As a single parent its one of the questions I often ask myself is whether or not my kids will be okay? Will they grow up okay and not be emotionally scarred? Will they have issues with their own relationships? Will I be able to provide for them the same?
Still today there is a stigma around single parent families and the potential affects it may have on your kids. According to statistics kids with ADHD are more likely to reside in a single parent family.
- Will any of my kids develop ADHD? Will they grow up hating on me and suffer from depression in their adult years because of their childhood?
- Will they turn to drugs and alcohol and start skipping school
- Will they have problems in their own relationships when they are older?
These are just some of the questions I ask myself. Then I have to stop and reflect on why I am a single parent. Its not because I just wanted to raise my kids on my own. It was because I was in relationships that were not healthy for numerous reasons and the only solution was to seperate. The moral dilemma of whether I stay in an unhappy relationship for the sake of the kids? If I was the good housewife of the 50's I sure wouldn't have contemplated leaving. Oh how times have changed.
But in preparing for single parent life I did my research! I knew that it would be easier for them to spend a larger percentage of time with me, as I was the main carer and at the time my youngest two were only 3 & 5. I am a shift worker, so they usually only spent the nights with their Dad when I was working night shifts (which was usually 1-2 times a week) and the rest of the time with me.
As hard as it was at the time communicating with my ex, I had to maintain a healthy relationship in order for the kids to transition okay from one house to the other.
We kept their spaces familiar, sharing of the toys and small furniture items between the two homes. We tried to maintain routine as best we could and made sure that the kids knew what parent they were with on what days.
I got on with life as it was before. Same rules, same routine and as a matter of fact the subject of why we were living without Dad rarely came up. My kids seemed happy, there was no dramatic behaviour changes and all rolled along quite smoothly. We never made a big deal out of the seperation.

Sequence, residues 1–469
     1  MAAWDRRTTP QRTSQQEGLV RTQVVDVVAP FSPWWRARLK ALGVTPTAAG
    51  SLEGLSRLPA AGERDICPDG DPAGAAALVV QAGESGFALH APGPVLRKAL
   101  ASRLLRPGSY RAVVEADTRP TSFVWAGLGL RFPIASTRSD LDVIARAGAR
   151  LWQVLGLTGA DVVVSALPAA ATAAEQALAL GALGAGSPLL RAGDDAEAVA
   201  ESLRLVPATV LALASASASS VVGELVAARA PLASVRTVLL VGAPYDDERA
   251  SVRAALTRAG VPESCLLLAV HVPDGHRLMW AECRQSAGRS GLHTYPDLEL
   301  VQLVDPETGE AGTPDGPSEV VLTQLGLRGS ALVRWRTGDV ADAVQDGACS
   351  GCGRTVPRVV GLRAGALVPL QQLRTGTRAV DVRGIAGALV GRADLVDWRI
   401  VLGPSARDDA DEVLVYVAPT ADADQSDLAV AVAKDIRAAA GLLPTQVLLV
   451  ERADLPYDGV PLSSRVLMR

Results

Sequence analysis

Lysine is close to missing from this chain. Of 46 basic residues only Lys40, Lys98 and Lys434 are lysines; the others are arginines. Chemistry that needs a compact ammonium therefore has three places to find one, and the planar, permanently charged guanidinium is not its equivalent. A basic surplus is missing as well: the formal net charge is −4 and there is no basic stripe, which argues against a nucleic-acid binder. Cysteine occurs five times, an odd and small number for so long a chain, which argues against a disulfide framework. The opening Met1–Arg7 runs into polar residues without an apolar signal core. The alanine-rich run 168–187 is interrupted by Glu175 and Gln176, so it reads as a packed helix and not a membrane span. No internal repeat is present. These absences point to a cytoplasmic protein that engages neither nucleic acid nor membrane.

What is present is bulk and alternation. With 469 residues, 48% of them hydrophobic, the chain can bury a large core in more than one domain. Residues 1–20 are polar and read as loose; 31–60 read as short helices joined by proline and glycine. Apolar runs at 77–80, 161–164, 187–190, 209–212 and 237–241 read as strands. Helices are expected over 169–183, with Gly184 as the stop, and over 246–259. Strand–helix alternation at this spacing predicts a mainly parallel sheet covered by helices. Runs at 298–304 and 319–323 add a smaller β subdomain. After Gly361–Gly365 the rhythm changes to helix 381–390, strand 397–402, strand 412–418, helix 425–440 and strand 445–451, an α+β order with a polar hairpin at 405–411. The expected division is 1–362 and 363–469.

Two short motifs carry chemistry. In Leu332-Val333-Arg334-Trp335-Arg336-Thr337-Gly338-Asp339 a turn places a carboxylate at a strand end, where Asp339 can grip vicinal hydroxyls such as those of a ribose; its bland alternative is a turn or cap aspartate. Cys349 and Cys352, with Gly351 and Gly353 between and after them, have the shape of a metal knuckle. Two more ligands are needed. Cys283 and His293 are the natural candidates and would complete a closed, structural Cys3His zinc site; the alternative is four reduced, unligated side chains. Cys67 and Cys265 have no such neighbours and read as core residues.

Six years on and my kids seem to be fine. They socialise well, they are meeting their learning expectations at school. They participate in sports on the weekends and they can be a little bit naughty as much as any other kids.
And what I soon came to realise was that kids from two parent families weren't always the happiest, most grounded children anyway. I am only one person, but I can make a difference to their lives
and I can raise them to be very well adjusted, loving kids. With that in mind my focus has never been about raising kids who are the smartest, or the best in sports, or the best in music. I want
to raise my kids to be well grounded, loving, resilient, good human beings. I want them to appreciate life and see the beauty in all things around us. To be kind to the universe and to be kind
and helpful to others.
They know that they are loved, both by myself and their Dad. I think what has makes the difference is the parent and their behaviors around separation. So here are my tips for helping your kids survive divorce or separation;
- Find your own happiness as this will resonate in your kids! As they say kids are often a direct reflection of their home and their parents. Most behaviour's they exhibit are learnt behaviours. So be the person you want your kids to be!
- Don't argue with your ex or have adult conversations around your kids.
- Don't speak poorly about their Mum/Dad to them. Your issues with your ex are your issues, keep those thoughts to yourself.
- Don't use your kids as pawn to get back at your ex. Either work together for a custody agreement, or if you cant seek legal help.
- Focus on healing and being happy, as ultimately the happier you are the better adjusted your kids will be.
- Maintain routine
- Give your kids an abundance of love. This is a difficult time for them and its hard for them to express their emotions and what they are feeling. Let them know that they are loved by you and their other parent.
- DON'T spoil them with THINGS!! Rather save the money and go on a short holiday together, camping or other activities you can all do together as a family.
- Set family values together.
- Positive reinforcement !